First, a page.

The operator of Dubuque's Mystique Community Ice Center has informed the city that it is ending its management of the facility at the end of July.

The city announced late this afternoon that Dubuque Community Ice & Recreation Center Inc., known as DICE, informed the city last Thursday that it will "relinquish its leasehold rights" at that time. 

If necessary, the city will take over the day-to-day management of the facility after the nonprofit organization bows out while it searches for a new organization to sign a new lease agreement with.

Marie Ware, leisure services manager for Dubuque, said the city intends to keep the ice center fully operational during that time and that all events and activities currently planned at the center will not be impacted.

“During the interim, the city will manage the facility,” she said. “Right now, we are learning from DICE all that we can about the organization.”

The city ice center has been under the management of DICE through a 25-year lease agreement since it opened in 2010. The facility was constructed through a development agreement among DICE, the city, Dubuque Racing Association and Battlefield Dubuque LLC, which later transferred its interest to Northern Lights Hockey, LLC, which manages the Dubuque Fighting Saints hockey team.

DICE provided the funds needed to build the ice center.

DICE President Marvin Heiderscheit said tonight that his organization has struggled for several years to keep the ice center financially feasible, listing the current lease agreement with the city as one of the primary barriers to the organization’s success.

“It became increasingly difficult to operate under the underlying agreements,” Heiderscheit said. “We no longer have the financial ability to cash flow the operation under that agreement.”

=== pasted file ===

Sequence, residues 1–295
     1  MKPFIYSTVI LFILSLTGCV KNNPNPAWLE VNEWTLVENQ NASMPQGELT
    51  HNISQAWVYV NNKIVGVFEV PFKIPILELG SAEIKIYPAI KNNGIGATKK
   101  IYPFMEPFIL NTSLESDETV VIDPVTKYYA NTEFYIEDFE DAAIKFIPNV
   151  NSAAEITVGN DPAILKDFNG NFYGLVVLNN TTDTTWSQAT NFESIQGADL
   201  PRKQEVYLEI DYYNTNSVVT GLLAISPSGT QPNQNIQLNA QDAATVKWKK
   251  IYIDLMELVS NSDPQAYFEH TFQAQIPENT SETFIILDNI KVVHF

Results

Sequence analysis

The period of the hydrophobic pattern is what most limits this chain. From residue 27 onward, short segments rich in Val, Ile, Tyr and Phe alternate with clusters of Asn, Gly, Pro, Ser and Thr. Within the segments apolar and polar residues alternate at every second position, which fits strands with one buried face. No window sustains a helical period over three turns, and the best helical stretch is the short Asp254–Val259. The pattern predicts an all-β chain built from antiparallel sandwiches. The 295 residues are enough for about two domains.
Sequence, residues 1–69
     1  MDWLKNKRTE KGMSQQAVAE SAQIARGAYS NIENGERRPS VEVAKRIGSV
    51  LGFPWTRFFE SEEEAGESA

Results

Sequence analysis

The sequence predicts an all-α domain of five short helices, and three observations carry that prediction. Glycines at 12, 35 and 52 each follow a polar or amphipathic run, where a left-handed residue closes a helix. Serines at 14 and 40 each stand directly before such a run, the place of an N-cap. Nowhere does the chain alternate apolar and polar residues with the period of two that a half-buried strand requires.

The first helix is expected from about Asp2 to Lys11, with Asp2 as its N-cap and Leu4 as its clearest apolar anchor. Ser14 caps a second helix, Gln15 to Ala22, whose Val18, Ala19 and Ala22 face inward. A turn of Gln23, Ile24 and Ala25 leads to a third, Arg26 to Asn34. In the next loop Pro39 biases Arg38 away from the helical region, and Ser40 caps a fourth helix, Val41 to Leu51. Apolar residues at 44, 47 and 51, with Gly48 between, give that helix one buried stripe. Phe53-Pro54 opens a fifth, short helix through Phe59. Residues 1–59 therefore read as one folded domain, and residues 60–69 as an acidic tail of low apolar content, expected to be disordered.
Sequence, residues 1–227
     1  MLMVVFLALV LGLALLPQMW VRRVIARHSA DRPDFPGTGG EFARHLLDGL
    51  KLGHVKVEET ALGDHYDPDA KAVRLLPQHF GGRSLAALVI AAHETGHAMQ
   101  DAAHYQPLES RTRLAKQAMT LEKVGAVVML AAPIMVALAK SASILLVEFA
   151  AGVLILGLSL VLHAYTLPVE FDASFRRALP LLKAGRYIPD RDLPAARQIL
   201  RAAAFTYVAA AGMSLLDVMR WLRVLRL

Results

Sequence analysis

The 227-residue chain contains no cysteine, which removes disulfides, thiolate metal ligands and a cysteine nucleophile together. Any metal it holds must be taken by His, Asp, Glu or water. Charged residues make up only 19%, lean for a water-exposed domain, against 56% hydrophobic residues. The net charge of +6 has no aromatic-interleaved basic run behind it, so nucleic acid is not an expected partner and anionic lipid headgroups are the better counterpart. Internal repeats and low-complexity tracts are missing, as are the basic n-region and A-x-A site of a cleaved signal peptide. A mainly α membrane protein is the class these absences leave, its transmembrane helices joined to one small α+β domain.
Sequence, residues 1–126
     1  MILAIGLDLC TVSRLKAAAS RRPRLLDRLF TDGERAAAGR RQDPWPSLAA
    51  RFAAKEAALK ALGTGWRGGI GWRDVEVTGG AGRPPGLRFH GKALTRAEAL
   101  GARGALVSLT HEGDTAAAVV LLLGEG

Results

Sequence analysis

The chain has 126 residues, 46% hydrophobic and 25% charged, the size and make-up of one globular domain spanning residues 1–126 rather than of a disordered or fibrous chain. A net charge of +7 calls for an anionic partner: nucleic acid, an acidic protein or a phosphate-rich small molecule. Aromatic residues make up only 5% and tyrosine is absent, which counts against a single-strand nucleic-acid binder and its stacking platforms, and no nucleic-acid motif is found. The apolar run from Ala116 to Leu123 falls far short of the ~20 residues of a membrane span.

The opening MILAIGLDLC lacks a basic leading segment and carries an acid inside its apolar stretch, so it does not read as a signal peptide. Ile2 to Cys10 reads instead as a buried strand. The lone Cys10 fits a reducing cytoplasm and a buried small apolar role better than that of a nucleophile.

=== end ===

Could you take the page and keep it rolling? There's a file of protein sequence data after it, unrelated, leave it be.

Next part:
When asked what specific elements of the lease agreement created issues, Heiderscheit declined to comment.

He noted that the organization also was financially impacted by the COVID-19 pandemic.

Heiderscheit said DICE will continue to work with the city to ensure the transition of management occurs smoothly. 

“It shouldn’t have any impact on anything,” Heiderscheit said. “We’ve agreed to work through this, and we’re going to make sure there is no impact on the users.”

Ware said the city will begin the process of finding a new manager. The development agreement requires that the city first offer the DRA the right to enter into a new lease under the same terms and conditions as the previous lease agreement. The DRA has 30 days to decide.

Kevin Lynch, chairman of the DRA's Board of Directors, said tonight that he was unaware that DICE was forfeiting its leasehold rights and couldn't comment on whether the DRA would enter the lease.

“I think that’s a decision that we would need to discuss as a board and make a decision jointly whether or not we want to take it over,” Lynch said. “We know ice hockey has become a huge fan draw, and we would love to see it stay.”

If the DRA turns down the offer, the city then must offer to enter into a lease agreement with Northern Lights Hockey, which then would have 30 days to decide.

Calls made to Northern Lights Hockey were not returned tonight.

When asked what the city plans to do if both entities turn down the lease agreement offer, Ware declined to comment.

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